Increase the prices on the ones flying off the shelf to determine if price is a factor with your buyers, and keep the others low to either sell them off quickly or make a price change across the board for all your pieces to increase the value of your inventory.
Identifying key players in a product driven business is just as important as identifying key players in a “person driven” business such as MLM’s or Network Marketing where your bottom line is also effected by those working with and under you.
The rule still applies. 20% of your team will produce 80% of the results, this group will be self starters, motivated and finding answers to their questions before they reach out to you. When you do connect with them, they are in action and always learning. While the other 80% will need the most attention and produce less than 20%.
Here are some areas to consider in your own business:
*Affiliates/Team Members – Who is your rock star team member and what can you do to help them achieve even better results? Keep an open door for these people that come with a solution to their questions and are eager for feedback. This is a hand up not a hand out relationship. Next, look at who is underperforming and what they may need to increase their confidence for success. Not everyone is created equal, so how can you assist those that are not quit in the 20% yet but want to be?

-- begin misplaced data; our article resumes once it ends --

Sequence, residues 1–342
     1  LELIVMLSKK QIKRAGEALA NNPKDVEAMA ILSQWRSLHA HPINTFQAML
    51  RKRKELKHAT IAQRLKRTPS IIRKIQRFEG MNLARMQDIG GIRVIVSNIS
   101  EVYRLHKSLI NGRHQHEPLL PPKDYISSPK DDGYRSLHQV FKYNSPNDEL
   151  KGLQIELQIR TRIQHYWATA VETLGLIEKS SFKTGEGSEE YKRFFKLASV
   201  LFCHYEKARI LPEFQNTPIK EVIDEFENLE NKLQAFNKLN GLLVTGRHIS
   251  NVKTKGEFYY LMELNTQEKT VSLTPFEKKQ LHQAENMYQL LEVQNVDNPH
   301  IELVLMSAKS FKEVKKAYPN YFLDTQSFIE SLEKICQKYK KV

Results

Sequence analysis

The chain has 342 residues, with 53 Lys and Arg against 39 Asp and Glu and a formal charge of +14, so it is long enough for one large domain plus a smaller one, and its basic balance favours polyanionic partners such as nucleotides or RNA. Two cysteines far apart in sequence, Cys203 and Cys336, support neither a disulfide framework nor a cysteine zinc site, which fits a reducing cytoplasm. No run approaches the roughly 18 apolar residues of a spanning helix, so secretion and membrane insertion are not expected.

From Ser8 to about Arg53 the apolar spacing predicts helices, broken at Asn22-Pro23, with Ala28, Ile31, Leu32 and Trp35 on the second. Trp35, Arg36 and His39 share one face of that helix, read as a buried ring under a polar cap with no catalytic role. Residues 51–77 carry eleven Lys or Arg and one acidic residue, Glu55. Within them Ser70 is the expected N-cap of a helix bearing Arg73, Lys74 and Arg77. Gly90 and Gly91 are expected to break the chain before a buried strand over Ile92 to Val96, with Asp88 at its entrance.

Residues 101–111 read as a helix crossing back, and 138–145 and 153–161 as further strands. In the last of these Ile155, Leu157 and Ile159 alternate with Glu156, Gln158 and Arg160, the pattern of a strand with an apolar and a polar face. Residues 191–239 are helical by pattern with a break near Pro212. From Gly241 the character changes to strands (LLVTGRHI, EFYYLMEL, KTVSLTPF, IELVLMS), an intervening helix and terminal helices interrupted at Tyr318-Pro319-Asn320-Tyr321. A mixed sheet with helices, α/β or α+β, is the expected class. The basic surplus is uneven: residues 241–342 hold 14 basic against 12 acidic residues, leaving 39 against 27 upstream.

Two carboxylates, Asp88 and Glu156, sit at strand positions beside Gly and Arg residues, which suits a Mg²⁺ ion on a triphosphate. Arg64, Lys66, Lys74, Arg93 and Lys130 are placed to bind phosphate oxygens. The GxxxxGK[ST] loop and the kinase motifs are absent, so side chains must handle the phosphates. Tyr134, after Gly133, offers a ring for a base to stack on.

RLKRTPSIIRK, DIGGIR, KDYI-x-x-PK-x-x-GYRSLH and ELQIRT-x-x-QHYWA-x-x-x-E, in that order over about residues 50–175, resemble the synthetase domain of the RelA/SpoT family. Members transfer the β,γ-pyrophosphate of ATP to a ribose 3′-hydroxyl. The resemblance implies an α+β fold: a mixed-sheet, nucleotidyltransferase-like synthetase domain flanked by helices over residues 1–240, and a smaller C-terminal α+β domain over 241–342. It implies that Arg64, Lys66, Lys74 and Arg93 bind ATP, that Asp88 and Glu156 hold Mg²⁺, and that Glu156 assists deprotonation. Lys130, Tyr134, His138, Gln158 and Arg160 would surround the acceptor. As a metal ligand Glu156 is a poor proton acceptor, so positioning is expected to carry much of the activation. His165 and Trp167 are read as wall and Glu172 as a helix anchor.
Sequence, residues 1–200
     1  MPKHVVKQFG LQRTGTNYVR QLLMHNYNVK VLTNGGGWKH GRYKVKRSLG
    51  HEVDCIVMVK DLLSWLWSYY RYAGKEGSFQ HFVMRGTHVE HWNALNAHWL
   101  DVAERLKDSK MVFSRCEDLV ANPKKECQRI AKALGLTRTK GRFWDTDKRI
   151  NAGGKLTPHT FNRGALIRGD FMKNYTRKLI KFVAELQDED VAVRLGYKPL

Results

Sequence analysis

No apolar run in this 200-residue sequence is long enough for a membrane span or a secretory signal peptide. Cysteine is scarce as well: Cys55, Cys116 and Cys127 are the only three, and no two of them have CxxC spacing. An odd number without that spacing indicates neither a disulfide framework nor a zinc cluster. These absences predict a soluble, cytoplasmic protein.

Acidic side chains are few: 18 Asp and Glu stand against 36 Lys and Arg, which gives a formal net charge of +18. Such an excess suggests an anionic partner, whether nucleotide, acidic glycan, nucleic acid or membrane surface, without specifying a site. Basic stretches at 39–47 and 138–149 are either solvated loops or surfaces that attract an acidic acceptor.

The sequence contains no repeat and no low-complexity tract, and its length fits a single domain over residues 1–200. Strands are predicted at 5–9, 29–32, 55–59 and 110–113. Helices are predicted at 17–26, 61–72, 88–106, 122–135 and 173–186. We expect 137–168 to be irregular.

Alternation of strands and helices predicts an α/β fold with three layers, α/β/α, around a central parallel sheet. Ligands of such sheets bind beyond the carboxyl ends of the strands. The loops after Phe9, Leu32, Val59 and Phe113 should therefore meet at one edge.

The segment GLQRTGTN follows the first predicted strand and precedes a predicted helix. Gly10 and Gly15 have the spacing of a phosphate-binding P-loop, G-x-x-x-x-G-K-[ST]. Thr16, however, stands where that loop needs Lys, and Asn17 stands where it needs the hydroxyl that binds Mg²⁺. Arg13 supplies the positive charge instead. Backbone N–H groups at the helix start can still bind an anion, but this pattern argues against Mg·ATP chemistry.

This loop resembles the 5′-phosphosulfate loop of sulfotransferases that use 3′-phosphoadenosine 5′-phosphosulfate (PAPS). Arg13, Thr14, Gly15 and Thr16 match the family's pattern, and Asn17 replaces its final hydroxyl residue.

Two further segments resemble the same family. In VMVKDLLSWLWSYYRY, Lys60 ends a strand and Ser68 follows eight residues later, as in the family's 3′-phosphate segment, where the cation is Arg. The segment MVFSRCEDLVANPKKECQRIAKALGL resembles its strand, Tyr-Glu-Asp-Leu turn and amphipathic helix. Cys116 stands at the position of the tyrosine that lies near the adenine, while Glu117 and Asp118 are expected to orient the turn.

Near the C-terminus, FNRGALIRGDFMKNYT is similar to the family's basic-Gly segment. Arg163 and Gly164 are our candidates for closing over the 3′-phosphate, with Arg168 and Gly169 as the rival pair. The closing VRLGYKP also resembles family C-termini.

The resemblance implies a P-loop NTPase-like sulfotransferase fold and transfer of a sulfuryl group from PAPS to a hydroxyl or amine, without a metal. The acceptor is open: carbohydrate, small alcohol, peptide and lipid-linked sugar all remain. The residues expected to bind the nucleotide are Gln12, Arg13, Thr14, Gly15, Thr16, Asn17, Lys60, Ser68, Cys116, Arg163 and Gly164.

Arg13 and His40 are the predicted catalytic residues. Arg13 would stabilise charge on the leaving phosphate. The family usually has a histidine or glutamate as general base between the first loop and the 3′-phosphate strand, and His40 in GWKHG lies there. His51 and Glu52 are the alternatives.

There is a fine line between empowering someone to step up their game and holding their hand. There is a time when you have to let them walk on their own and realize that there is a high rate that they will fall off, or take a new direction. Both outcomes must be expected.
*Clients – Calculate how much revenue you’re getting from each client and subtract the cost of administrative time or other costs to maintain that relationship. Once you’ve figured out which clients are in your top 20%, you can make some strategic decisions about how to better meet their needs.
*Markets & Marketing – If you sell products to different markets or are targeting a different niche, evaluate these markets with the same principle you used for evaluating your customers. The markets that are earning you the most money should become obvious, so you can start examining the direction you want to continue moving toward or shift altogether.
Trimming the Fat